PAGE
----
The obvious may be happening in front of you but in the not so obvious future generations of railways and electric mobile personal cars (Have you seen the futuristic personal cars on the movie minority report?)  There are obvious infrastructures that need to be developed way ahead before we see gas stations with charging stations, sensor-linked highways, monitor your kids school via your Iphone; sensor-linked bus arrival, BART schedules and connect to your real time traffic. We need a reliable and smart "Electric Grid" infrastructure. Smart Railway infrastructures.

Look around us and you see transit bus,  Chevy Volt, Nissan Leaf roaming on your streets and not to mention solar panels on your neighbor's roof. It is true that we already partially live in an electron economy as much of the energy we use comes to us via electricity. The areas where electricity is not the primary energy carrier are transport and heating, so an advancement of the electron economy would mean advancing the use of electricity in these areas where feasible and desirable. 

The primary focus of the electron economy concept is largely the transport sector but could also have applications in heating applications as well.

The concept is useful because it highlights how theoretical and actual energy efficiencies will eventually favor electricity over its two competitors within the arena of clean energy solutions: biofuels and hydrogen fuel cells. Currently, in the marketplace of ideas in places such as 

Treehugger or in the mainstream media, it appears as though it is a horserace between these alternatives, that it is just a matter of taste or arcane insight into technology that favors the choice of one over the other.

And as indicated above, biofuels and even hydrogen may have a place in a sustainable energy future but they are not nearly as well developed nor as efficient as electricity and electric motors.

BUCKYPAPER from Carbon Nanotube MATERIAL

Even in the area of heating, where electricity has historically been more expensive and less efficient than the use of combustible fuels, the use of induction heating in cooking and ground-source heat pumps in space heating are two examples of how largely electric-powered solutions can either compete with or surpass heating from combustible fuels in the area of efficiency.

Key Technologies for More Energy Efficient, Carbon Neutral Living
Listed below are some of the key technologies that will help us achieve energy independence and carbon neutrality more quickly.
1) Heat pumps: ground source, air source, hybrid and with bore hole thermal energy storage
2) Super-glass (low emissivity, selectively coated, insulated) and super-windows
3) High-R Insulation and structural insulated panels
4) Efficient Fluorescent and Efficient LED Lighting
5) Fiber-optic solar lighting and advanced skylights for daylighting
6) Intelligent building, lighting, and appliance controls
7) Light-colored and “cool-colored” building and paving materials (that reduce the heat island effect of the built environment and building heat loads)
’8) Solar thermal water and space heating
9) Variable Frequency Drives (electronically adjusting pump and fan speeds to energy demand)
10) Weatherproofing and tighter building envelope standards (with testing)
11) Radiant heating (using water rather than air as the heat transfer medium in a building)
12) Induction cooktops, convection ovens and electric infrared grilling

  • Passive House + Energy efficiency: 

Energy consumption is reduced by more innovative and intelligent products and by intelligent process integration.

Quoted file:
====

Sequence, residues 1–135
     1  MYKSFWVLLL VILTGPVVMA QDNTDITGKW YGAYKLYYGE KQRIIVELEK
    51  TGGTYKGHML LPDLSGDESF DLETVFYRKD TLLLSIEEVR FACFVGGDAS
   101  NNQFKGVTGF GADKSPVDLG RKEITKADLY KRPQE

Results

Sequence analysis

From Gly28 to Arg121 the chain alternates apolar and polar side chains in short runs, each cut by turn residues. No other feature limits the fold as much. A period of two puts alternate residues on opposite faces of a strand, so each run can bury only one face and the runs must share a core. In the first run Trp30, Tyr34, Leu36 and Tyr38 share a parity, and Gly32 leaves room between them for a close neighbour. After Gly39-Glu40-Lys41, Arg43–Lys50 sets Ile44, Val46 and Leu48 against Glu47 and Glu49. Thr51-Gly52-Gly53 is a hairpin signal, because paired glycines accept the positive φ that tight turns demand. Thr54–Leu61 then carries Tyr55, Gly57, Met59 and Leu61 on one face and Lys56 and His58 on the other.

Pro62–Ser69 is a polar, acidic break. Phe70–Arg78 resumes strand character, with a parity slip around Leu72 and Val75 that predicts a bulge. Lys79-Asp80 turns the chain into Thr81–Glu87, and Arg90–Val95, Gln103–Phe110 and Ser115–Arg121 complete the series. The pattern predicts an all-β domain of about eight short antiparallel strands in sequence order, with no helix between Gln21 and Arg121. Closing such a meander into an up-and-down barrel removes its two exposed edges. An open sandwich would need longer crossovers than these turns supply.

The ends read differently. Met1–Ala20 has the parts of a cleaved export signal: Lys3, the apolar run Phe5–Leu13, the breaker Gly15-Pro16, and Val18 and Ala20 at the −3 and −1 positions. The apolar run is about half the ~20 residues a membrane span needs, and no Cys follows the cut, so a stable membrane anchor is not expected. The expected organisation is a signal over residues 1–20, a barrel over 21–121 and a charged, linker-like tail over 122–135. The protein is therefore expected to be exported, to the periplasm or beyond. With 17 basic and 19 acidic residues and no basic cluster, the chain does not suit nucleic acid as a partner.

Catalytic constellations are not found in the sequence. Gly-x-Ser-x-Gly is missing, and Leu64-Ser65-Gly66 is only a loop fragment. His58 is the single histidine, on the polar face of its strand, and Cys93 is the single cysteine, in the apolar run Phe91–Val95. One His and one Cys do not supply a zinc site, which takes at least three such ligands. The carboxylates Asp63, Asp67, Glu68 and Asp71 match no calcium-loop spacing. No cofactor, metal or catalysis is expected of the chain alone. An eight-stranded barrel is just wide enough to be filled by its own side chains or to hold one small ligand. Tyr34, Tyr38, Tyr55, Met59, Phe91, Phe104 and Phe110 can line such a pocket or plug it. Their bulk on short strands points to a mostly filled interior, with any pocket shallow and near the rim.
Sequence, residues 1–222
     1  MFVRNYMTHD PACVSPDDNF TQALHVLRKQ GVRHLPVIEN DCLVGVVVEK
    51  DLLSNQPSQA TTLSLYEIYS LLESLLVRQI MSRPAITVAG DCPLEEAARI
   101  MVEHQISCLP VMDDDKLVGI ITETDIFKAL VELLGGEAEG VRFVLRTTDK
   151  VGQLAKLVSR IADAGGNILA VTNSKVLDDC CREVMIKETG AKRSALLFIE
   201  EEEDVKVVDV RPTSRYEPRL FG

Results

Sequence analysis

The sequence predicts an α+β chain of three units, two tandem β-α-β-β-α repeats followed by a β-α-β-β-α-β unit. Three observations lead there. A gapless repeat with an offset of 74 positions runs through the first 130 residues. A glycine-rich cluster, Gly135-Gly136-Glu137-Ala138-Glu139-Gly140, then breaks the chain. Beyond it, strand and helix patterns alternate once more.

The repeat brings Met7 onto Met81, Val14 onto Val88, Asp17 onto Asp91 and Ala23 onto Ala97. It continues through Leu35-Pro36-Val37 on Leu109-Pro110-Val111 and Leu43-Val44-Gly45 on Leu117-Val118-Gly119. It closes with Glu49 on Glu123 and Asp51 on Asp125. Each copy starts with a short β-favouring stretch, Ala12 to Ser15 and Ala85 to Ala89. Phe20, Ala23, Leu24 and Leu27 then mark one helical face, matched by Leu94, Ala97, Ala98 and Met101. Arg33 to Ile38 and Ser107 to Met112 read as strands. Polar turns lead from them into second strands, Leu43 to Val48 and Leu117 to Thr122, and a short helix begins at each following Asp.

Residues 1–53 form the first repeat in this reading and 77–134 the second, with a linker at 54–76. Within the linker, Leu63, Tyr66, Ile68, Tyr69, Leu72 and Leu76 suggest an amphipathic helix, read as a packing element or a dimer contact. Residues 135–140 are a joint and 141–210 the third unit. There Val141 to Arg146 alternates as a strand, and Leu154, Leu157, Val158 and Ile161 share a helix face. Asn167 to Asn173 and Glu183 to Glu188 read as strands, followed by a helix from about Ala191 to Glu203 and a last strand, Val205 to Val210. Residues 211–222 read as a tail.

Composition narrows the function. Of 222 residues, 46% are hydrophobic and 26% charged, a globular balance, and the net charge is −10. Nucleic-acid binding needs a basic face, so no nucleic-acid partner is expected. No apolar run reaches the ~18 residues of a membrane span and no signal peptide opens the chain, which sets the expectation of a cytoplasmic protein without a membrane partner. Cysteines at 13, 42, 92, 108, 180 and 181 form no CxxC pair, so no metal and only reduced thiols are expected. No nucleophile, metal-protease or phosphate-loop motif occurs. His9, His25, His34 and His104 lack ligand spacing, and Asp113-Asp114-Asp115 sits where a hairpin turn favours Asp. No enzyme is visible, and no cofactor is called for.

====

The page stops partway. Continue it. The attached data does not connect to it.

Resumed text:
In most cases this needs some additional investment, but these are cost-effective as a rule. The products needed can be produced near the customer. This gives rise to employment and innovation.

The Passive House concept is a comprehensive approach to cost-efficient, high quality, healthy and sustainable construction. The concept is easy to understand:
  1. Contemporary construction is quite airtight, therefore the air replacement from infiltration is not sufficient. Ventilating by opening windows is not a convincing strategy either. Getting a sufficient volume of fresh air is not just a question of comfort, but a requirement for healthy living conditions. Therefore mechanical ventilation is the key technology for all new construction as well as refurbishment of existing buildings. Mechanical ventilation will work in all cold and all hot climates since in an airtight house, the heating and cooling energy required will be significantly less.
  2. Even though mechanical ventilation systems raise initial investment costs, if designed efficiently they will reduce energy costs significantly, eventually paying off the initial cost. Ventilation units suitable for Passive Houses allow for an economic operation.
  3. Now we explain the central "trick" of the Passive House concept: The fresh air needed is entering the room anyhow. If one could use this air to cover the heating load, without increasing the mass flow, without recirculated air, without noise and without drafts - then the ventilation will pay off a second time.
  4. This concept of "fresh air heating" is only possible in a building with superior thermal insulation, just like a Passive House. For experts: This is the defining requirement; the maximum heat load should be lower than 10 W/m² , allowing the fresh air to carry the heat load.
Passive Houses require superior design and components with respect to:
  • insulation
  • design without thermal brigdes
  • air tightness
  • ventilation with heat recovery
  • comfortwindows und
  • innovative heating technology

The Passive House is a perfect example for what can be done with really energy efficient concepts: The energy consumption of Passive Houses is just some 10% compared to the average of the building stock, but the comfort in the buildings is even better. This has been proven by monitoring of Hundreds of built Passive Houses.

The continuing push towards deregulation, which still has ideological momentum despite bitter experiences in California at the beginning of the decade, does not promote the building of new infrastructure, let alone a new, replacement clean power infrastructure that would reliably produce power. 

And of course, generating electricity does not necessarily release greenhouse gases into the atmosphere..